8. N. S. Harhaj, A. J. Barber, and D. A. Antonetti, “Platelet-derived growth factor mediates tight junction redistribution and increases permeability in MDCK cells,” Journal of Cellular Physiology, vol. 193, no. 3, pp. 349–364, 2002. View at: Publisher Site | Google Scholar
  9. R. K. Rao, S. Basuroy, V. U. Rao et al., “Tyrosine phosphorylation and dissociation of occludin-ZO-1 and E-cadherin-beta-catenin complexes from the cytoskeleton by oxidative stress,” Biochemistry Journal, vol. 368, part 2, pp. 471–481, 2002. View at: Google Scholar
  10. A. M. Hopkins, S. V. Walsh, P. Verkade et al., “Constitutive activation of Rho proteins by CNF-1 influences tight junction structure and epithelial barrier function,” Journal of Cell Science, vol. 116, part 4, pp. 725–742, 2003. View at: Google Scholar
  11. G. Izumi, T. Sakisaka, T. Baba et al., “Endocytosis of E-cadherin regulated by Rac and Cdc42 small G proteins through IQGAP1 and actin filaments,” Journal of Cell Biology, vol. 166, no. 2, pp. 237–248, 2004. View at: Google Scholar
  12. M. Matsuda, A. Kubo, M. Furuse et al., “A peculiar internalization of claudins, tight junction-specific adhesion molecules, during the intercellular movement of epithelial cells,” Journal of Cell Science, vol. 117, part 7, pp. 1247–1257, 2004. View at: Google Scholar
  13. D. Talavera, A. M. Castillo, M. C. Dominguez et al., “IL8 release, tight junction and cytoskeleton dynamic reorganization conducive to permeability increase are induced by dengue virus infection of microvascular endothelial monolayers,” Journal of General Virology, vol. 85, part 7, pp. 1801–1813, 2004. View at: Google Scholar
  14. C. N. Wrobel, J. Debnath, E. Lin et al., “Autocrine CSF-1R activation promotes Src-dependent disruption of mammary epithelial architecture,” Journal of Cell Biology, vol. 165, no. 2, pp. 263–273, 2004. View at: Google Scholar
  15. M. Bruewer, A. Luegering, T. Kucharzik et al., “Proinflammatory cytokines disrupt epithelial barrier function by apoptosis-independent mechanisms,” Journal of Immunology, vol. 171, no. 11, pp. 6164–6172, 2003. View at: Google Scholar
  16. S. Prasad, R. Mingrino, K. Kaukinen et al., “Inflammatory processes have differential effects on claudins 2, 3 and 4 in colonic epithelial cells,” Laboratory Investigation, vol. 85, no. 9, pp. 1139–1162, 2005. View at: Google Scholar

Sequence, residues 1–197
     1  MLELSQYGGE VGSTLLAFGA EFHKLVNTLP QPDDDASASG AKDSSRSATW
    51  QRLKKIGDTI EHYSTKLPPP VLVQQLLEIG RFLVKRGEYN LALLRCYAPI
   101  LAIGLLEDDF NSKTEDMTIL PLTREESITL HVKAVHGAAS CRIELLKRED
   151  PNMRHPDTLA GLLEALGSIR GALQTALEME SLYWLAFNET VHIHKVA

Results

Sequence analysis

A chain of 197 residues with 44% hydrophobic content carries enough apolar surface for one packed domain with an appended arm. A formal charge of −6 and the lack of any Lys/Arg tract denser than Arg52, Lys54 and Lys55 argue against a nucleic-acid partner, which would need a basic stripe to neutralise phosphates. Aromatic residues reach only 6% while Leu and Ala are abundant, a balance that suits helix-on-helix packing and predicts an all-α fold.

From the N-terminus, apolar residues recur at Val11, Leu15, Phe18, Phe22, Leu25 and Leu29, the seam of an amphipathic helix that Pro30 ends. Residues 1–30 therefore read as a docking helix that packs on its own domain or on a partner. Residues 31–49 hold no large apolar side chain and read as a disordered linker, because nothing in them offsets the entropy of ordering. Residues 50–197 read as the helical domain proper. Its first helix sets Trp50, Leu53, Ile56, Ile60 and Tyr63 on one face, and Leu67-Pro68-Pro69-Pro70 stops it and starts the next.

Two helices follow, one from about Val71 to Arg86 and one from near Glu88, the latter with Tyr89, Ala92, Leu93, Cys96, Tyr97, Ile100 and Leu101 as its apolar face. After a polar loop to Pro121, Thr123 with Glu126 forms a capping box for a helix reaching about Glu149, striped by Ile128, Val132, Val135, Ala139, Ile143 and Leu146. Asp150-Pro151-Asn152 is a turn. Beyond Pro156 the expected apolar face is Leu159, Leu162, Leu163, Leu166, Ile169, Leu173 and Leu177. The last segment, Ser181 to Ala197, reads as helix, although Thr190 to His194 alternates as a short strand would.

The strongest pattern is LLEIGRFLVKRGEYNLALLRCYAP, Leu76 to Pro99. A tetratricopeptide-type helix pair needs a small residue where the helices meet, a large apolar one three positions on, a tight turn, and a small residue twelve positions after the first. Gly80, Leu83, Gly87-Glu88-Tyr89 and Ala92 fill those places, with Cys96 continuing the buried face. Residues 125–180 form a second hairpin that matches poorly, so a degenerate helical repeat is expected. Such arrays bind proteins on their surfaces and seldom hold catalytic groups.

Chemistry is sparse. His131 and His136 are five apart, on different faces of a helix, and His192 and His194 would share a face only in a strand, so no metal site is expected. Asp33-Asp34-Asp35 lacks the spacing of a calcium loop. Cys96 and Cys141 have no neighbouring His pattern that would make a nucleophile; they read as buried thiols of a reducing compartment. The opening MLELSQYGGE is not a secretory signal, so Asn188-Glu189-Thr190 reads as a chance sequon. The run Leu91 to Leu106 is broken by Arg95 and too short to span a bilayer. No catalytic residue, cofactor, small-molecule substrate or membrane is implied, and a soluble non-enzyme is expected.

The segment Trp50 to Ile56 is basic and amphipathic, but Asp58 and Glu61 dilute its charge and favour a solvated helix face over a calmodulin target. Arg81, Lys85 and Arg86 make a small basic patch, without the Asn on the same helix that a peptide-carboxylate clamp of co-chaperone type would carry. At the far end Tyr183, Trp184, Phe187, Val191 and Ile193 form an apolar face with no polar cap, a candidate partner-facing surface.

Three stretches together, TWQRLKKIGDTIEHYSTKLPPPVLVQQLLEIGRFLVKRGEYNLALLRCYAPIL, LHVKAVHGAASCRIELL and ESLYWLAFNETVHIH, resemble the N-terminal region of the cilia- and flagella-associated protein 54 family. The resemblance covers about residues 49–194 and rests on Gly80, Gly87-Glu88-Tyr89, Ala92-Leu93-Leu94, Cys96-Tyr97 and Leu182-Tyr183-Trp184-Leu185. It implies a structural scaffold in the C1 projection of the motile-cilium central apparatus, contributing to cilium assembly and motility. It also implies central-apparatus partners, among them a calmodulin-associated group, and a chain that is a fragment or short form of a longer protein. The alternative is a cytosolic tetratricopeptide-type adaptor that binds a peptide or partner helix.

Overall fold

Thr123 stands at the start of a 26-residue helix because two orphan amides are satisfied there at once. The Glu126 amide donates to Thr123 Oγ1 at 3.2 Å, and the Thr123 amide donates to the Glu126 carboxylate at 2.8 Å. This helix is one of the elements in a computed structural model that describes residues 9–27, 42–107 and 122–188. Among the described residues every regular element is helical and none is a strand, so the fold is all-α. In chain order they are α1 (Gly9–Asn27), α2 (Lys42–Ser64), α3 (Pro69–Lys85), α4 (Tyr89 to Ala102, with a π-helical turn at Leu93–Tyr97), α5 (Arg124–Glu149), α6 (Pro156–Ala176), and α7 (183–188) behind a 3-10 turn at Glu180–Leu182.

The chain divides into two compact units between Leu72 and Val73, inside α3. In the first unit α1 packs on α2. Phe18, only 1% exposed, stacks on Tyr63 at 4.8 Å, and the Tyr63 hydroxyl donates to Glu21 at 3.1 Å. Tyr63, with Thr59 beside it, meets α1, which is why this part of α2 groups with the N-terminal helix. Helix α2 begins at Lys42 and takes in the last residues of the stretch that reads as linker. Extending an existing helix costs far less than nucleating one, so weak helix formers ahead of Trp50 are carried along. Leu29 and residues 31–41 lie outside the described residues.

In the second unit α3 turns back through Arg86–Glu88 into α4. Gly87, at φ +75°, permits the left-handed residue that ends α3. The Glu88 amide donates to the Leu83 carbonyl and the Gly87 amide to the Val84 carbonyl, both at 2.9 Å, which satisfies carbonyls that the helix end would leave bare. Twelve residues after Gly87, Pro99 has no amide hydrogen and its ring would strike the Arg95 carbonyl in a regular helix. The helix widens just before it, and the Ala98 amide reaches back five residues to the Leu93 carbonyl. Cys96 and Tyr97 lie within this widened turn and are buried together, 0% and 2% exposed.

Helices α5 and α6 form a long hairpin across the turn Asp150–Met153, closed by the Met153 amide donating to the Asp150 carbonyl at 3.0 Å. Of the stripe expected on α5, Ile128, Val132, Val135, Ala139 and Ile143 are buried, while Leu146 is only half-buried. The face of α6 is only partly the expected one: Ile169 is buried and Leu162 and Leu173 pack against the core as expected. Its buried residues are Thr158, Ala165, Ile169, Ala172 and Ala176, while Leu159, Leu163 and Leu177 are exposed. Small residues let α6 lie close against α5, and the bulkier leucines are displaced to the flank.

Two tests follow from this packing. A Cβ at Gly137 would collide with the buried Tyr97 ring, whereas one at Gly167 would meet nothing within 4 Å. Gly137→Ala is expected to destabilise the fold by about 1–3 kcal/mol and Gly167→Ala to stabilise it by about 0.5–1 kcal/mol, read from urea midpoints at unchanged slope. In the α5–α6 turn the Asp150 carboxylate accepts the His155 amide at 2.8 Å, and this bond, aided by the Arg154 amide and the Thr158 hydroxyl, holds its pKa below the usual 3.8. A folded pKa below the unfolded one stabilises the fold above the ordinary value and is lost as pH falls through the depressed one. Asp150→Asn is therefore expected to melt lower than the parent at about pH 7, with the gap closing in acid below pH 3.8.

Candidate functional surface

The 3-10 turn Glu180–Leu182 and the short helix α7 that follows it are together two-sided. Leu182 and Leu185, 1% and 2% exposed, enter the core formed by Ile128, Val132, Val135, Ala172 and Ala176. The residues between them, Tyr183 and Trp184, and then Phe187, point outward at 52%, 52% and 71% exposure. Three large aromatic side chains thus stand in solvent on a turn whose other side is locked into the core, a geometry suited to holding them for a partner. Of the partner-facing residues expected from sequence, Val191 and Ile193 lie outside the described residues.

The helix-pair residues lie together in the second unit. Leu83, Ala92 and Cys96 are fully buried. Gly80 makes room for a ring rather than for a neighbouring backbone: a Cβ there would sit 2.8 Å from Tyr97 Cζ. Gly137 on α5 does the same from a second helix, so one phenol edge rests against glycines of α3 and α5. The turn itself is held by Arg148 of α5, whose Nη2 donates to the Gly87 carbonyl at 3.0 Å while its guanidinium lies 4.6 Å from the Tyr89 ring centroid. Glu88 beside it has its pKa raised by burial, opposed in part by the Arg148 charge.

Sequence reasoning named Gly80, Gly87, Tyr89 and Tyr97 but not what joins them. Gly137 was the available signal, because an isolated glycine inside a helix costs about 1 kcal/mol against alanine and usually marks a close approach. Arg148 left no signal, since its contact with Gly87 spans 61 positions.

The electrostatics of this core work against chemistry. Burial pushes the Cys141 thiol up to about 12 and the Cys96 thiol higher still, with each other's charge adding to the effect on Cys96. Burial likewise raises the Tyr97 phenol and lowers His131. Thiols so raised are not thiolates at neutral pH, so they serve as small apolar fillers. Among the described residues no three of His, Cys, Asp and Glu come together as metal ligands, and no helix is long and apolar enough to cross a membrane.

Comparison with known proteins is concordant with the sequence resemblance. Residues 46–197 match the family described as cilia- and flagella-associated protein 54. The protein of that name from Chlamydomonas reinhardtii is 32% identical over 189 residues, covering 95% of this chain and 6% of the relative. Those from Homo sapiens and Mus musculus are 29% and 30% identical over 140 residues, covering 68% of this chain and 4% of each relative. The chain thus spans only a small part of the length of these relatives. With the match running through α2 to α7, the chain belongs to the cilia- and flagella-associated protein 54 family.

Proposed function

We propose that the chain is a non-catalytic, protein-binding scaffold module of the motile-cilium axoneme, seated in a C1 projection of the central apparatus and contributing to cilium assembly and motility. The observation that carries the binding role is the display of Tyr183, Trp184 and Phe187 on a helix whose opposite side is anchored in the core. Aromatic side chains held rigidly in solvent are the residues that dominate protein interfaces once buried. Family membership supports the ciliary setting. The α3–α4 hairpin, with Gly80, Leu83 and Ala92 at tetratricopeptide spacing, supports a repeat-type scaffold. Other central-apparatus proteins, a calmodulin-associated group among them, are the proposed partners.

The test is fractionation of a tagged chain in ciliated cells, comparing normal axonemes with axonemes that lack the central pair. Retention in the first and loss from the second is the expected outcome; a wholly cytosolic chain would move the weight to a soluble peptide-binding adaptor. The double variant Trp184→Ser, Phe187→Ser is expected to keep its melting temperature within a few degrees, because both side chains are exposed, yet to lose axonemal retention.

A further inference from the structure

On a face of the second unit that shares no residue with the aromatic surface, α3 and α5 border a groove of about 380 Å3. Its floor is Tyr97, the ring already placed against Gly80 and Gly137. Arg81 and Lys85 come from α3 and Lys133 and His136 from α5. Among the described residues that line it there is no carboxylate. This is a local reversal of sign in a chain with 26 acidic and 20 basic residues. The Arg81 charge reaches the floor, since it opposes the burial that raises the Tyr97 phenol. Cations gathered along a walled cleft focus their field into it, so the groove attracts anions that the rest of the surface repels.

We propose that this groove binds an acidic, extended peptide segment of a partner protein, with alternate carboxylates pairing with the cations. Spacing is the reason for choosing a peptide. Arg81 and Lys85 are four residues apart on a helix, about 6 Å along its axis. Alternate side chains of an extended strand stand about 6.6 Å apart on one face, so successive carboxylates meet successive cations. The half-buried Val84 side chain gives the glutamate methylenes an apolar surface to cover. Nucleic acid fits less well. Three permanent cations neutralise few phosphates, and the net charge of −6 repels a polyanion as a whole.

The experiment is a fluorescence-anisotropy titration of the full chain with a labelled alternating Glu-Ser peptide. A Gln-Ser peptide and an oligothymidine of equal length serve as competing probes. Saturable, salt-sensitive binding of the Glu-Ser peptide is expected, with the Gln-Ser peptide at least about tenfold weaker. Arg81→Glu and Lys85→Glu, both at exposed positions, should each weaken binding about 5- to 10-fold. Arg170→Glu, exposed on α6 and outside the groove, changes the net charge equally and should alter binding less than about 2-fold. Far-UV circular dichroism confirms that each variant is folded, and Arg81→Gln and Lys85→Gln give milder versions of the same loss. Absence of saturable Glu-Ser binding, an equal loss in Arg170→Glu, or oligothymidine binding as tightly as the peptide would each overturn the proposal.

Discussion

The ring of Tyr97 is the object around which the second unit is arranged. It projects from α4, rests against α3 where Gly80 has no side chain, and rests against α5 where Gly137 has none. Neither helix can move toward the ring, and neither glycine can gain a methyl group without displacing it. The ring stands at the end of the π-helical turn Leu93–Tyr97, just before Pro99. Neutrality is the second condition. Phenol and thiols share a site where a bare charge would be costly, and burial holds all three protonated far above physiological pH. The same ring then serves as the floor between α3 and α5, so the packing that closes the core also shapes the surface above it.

17. C. R. Weber and J. R. Turner, “Inflammatory bowel disease: is it really just another break in the wall?” Gut, vol. 56, no. 1, pp. 6–8, 2007. View at: Publisher Site | Google Scholar
  18. S. Zeissig, N. Burgel, D. Gunzel et al., “Changes in expression and distribution of claudin 2, 5 and 8 lead to discontinuous tight junctions and barrier dysfunction in active Crohn's disease,” Gut, vol. 56, no. 1, pp. 61–72, 2007. View at: Google Scholar
  19. O. W. Blaschuk and T. M. Rowlands, “Plasma membrane components of adherens junctions (review),” Molecular Membrane Biology, vol. 19, no. 2, pp. 75–80, 2002. View at: Publisher Site | Google Scholar
  20. K. Matter and M. S. Balda, “Signalling to and from tight junctions,” Nature Reviews Molecular Cell Biology, vol. 4, no. 3, pp. 225–236, 2003. View at: Publisher Site | Google Scholar
  21. A. S. Yap, W. M. Brieher, and B. M. Gumbiner, “Molecular and functional analysis of cadherin-based adherens junctions,” Annual Review of Cell and Developmental Biology, vol. 13, pp. 119–146, 1997. View at: Publisher Site | Google Scholar
  22. A. S. Fanning, B. J. Jameson, L. A. Jesaitis et al., “The tight junction protein ZO-1 establishes a link between the transmembrane protein occludin and the actin cytoskeleton,” Journal of Biological Chemistry, vol. 273, no. 45, pp. 29745–29753, 1998. View at: Google Scholar